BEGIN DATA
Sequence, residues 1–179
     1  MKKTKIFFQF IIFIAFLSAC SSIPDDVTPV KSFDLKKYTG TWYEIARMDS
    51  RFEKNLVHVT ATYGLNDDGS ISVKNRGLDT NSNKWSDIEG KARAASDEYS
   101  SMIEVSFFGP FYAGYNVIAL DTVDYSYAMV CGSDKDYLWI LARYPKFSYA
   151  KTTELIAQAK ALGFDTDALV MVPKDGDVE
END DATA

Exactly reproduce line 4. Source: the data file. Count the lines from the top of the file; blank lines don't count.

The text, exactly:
   101  SMIEVSFFGP FYAGYNVIAL DTVDYSYAMV CGSDKDYLWI LARYPKFSYA